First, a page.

I can’t believe that I’ve had this show for almost eight years and have never watched this match. Danielson is one of my all-time favorites and Nakajima is someone I find awesome here in 2016. The awesome “you’re gonna get your fucking head kicked in” chant starts us off. They go to the mat early and are mostly even. That angers Danielson, who kicks it up a notch and targets Nakajima’s arm. Danielson twists him around until Nakajima has to get the ropes for a break. Danielson almost gives the “I HAVE UNTIL FIVE” but figured the referee already knows. He hits a loud sounding elbow, sending Nakajima outside, and follows with the big springboard dive he became known for. Nakajima finally gets an opening when he catches a kick and dragon screws it on the middle rope. It’s time for him to work the leg for a while. It works really well since Danielson came in with a brace on that knee. Danielson gets aggressive with uppercuts, but Nakajima hits harder. They begin to power up and trade suplexes until Danielson lands on his feet on a German. Wisely, he at least sells it before charging at Nakajima. Nakajima hits a brutal kick and applies an ankle lock but Danielson survives. Danielson eats a barrage of vicious kicks before KICKING NAKAJIMA’S HEAD IN! After a struggle to get the upper hand by both men, Danielson hits elbows and wins with the Cattle Mutilation. Awesome match. It blows my mind that Nakajima was just 20 years old here. Both guys came in with good strategies, played to their strengths and wrestled a smart match. Danielson was just more experienced and better. ****

Jerry Lynn gets a promo backstage where he talks about wanting a shot at Nigel McGuinness and the ROH World Title.

Erick Stevens def. Rhett Titus in 3:24
CHOO-CHOO! Stevens no longer has his mohawk and, after a pretty substantial 2007 push, he’s cooled off considerably, losing the FIP Title twice and not getting much of a reaction. Rhett gets in early offense so Stevens comes back with chops. Somehow, Stevens gets his nose busted and he’s bleeding everywhere. It’s clearly a broken nose and Rhett actually goes after it, pulling it on it. Ouch. Part of Rhett’s offense is to go for ten corner punches, but instead thrust his dick into Stevens’ face. That fires him up and Stevens murders him with a lariat and doctor bomb. The broken nose made this more interesting than it otherwise would have been. *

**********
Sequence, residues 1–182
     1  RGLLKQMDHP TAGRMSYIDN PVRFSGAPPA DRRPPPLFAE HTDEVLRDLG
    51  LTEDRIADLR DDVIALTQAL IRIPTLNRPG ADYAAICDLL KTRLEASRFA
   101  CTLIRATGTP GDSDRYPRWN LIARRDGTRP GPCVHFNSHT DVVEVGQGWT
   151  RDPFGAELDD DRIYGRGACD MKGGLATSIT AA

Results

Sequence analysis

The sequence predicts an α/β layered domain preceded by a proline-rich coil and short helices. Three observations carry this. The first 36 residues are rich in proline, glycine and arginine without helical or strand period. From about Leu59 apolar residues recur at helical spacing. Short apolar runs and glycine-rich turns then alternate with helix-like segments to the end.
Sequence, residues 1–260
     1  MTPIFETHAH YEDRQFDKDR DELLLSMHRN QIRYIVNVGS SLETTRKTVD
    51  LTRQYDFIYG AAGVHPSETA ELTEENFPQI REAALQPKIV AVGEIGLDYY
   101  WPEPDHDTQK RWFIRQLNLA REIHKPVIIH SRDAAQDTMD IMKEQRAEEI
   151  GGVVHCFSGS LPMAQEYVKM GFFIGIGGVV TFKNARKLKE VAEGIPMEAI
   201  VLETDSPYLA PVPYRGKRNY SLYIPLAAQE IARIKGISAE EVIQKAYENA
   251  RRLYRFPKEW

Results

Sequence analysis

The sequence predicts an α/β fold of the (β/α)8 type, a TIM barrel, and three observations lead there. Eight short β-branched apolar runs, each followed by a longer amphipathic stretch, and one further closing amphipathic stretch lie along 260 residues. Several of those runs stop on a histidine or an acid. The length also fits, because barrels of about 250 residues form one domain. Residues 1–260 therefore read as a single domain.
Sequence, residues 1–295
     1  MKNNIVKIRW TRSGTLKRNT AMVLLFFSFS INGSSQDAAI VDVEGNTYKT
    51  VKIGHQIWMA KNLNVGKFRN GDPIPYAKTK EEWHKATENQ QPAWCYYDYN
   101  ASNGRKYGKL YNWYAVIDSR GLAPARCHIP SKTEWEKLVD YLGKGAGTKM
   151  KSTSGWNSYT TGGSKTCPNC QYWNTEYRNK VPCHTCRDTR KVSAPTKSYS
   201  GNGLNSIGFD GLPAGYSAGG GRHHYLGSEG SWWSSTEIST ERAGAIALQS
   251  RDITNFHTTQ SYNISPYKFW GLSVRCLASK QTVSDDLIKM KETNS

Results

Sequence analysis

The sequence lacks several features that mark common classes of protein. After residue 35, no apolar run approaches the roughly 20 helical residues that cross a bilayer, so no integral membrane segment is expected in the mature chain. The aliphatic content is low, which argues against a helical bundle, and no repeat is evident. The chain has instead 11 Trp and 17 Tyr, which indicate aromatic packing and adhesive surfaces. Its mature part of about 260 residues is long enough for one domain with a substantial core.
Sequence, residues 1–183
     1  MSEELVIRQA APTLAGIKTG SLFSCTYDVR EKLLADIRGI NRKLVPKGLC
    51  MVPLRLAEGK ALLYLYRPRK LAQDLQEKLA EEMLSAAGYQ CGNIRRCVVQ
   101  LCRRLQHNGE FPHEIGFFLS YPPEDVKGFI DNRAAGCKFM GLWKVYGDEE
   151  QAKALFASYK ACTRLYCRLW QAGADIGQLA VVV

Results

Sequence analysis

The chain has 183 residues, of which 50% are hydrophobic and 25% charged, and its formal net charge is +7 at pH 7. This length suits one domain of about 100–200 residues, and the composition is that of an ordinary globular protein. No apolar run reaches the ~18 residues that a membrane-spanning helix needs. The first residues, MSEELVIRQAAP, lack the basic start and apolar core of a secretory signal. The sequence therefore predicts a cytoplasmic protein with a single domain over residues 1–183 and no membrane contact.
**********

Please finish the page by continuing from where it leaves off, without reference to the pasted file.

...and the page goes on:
Larry Sweeney comes out with a microphone. I love Sweeney but he was ALL over shows in 2008. Sweeney basically offers Stevens a contract to make more money and leave ROH. He declines and attacks, so all of Sweet n’ Sour come out to attack him until the Vulture Squad and Grizzly Redwood try to make the save. They all fail until Roderick Strong joins in and we’ve got an impromptu six man tag.

Sweet n’ Sour Inc. (Chris Hero, Eddie Edwards and Shane Hagadorn) w/ Larry Sweeney, Bobby Dempsey and Sara Del Ray def. Roderick Strong and the Vulture Squad w/ Julius Smokes in 11:08
The Vulture Squad representatives are Jigsaw and Ruckus. Jack Evans was pretty non-existent by this point if I remember right. Once things calm down into an actual match, Hagadorn gets his ass kicked because he’s terrible. The heels fare better when Hero or future ROH World Champion Eddie Edwards is in. Wow, looking at this, I liked Eddie but I would have never pegged him to be the company’s first Triple Crown winner. Jigsaw starts to take the heat for his guys. Strong kills it with the hot tag. While Ruckus does his flippy shit, Strong is delivering backbreakers galore. They go into the typical finisher barrage you see in matches like this. The highlight was Strong stopping Eddie’s Lionsault with a sick kick. Hero then knocks Roddy out with the loaded elbow pad to win. Fine for what it was as it mostly just advanced the Hero/Strong angle. After the match, Sweeney dropped a top rope elbow on Strong. **½

Non-Title Match: GHC Heavyweight Champion Kensuke Sasaki def. Claudio Castagnoli in 14:43
I felt bad for Claudio around this time. He was doing fine as a babyface until he kept coming up short in title matches and the fans turned on him. Here, he has no personality whatsoever. They trade some early shots and holds, but the crowd doesn’t really care. They popped for seeing Sasaki but once the match started, their interest waned. Things get a little more interesting when they begin trading chops and uppercuts. Claudio’s uppercuts are probably the best in the game. Some big clubbing blows from Sasaki are answered by a springboard uppercut. Claudio nails the Ricola Bomb for two. Sasaki rallies to win with the Northern Lights Bomb. Something about this match never clicked. The crowd just didn’t care for either guy outside of the initial entrance pop. Maybe if it was Claudio against one of the NOAH regulars like KENTA or Marufuji it would have worked better. This was a clash of styles that never really got going. **¼